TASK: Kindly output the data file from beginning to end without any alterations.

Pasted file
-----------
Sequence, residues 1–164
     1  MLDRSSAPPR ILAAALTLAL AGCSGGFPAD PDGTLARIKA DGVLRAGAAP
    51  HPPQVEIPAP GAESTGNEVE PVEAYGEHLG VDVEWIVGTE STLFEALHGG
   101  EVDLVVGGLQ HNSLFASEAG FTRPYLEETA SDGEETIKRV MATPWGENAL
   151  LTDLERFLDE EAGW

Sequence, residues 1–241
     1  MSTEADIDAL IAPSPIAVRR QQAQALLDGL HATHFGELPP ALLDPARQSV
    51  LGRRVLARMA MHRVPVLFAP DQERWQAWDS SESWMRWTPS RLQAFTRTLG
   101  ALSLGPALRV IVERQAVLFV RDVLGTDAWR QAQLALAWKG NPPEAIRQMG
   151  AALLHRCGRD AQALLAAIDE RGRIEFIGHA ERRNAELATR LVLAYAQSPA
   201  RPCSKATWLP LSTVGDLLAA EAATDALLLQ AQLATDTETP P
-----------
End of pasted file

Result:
Sequence, residues 1–164
     1  MLDRSSAPPR ILAAALTLAL AGCSGGFPAD PDGTLARIKA DGVLRAGAAP
    51  HPPQVEIPAP GAESTGNEVE PVEAYGEHLG VDVEWIVGTE STLFEALHGG
   101  EVDLVVGGLQ HNSLFASEAG FTRPYLEETA SDGEETIKRV MATPWGENAL
   151  LTDLERFLDE EAGW

Sequence, residues 1–241
     1  MSTEADIDAL IAPSPIAVRR QQAQALLDGL HATHFGELPP ALLDPARQSV
    51  LGRRVLARMA MHRVPVLFAP DQERWQAWDS SESWMRWTPS RLQAFTRTLG
   101  ALSLGPALRV IVERQAVLFV RDVLGTDAWR QAQLALAWKG NPPEAIRQMG
   151  AALLHRCGRD AQALLAAIDE RGRIEFIGHA ERRNAELATR LVLAYAQSPA
   201  RPCSKATWLP LSTVGDLLAA EAATDALLLQ AQLATDTETP P